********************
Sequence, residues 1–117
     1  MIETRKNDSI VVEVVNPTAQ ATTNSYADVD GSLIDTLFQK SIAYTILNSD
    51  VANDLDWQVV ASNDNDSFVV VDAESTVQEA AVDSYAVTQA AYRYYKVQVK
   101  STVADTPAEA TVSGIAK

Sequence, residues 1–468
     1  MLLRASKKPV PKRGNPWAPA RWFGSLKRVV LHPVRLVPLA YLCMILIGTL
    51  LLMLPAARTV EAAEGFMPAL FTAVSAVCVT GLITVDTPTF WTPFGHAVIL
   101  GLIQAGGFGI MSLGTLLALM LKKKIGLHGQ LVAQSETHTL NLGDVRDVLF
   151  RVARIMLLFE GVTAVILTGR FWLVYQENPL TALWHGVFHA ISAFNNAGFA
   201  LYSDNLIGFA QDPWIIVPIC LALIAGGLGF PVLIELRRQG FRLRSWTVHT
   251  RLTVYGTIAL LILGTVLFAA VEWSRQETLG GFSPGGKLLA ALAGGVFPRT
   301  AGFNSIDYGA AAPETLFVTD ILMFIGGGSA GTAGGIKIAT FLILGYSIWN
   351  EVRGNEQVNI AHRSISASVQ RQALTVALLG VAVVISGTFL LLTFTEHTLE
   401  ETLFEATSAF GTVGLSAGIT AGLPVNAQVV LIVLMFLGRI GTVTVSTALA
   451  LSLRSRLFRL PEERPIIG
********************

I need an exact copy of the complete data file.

Sequence, residues 1–117
     1  MIETRKNDSI VVEVVNPTAQ ATTNSYADVD GSLIDTLFQK SIAYTILNSD
    51  VANDLDWQVV ASNDNDSFVV VDAESTVQEA AVDSYAVTQA AYRYYKVQVK
   101  STVADTPAEA TVSGIAK

Sequence, residues 1–468
     1  MLLRASKKPV PKRGNPWAPA RWFGSLKRVV LHPVRLVPLA YLCMILIGTL
    51  LLMLPAARTV EAAEGFMPAL FTAVSAVCVT GLITVDTPTF WTPFGHAVIL
   101  GLIQAGGFGI MSLGTLLALM LKKKIGLHGQ LVAQSETHTL NLGDVRDVLF
   151  RVARIMLLFE GVTAVILTGR FWLVYQENPL TALWHGVFHA ISAFNNAGFA
   201  LYSDNLIGFA QDPWIIVPIC LALIAGGLGF PVLIELRRQG FRLRSWTVHT
   251  RLTVYGTIAL LILGTVLFAA VEWSRQETLG GFSPGGKLLA ALAGGVFPRT
   301  AGFNSIDYGA AAPETLFVTD ILMFIGGGSA GTAGGIKIAT FLILGYSIWN
   351  EVRGNEQVNI AHRSISASVQ RQALTVALLG VAVVISGTFL LLTFTEHTLE
   401  ETLFEATSAF GTVGLSAGIT AGLPVNAQVV LIVLMFLGRI GTVTVSTALA
   451  LSLRSRLFRL PEERPIIG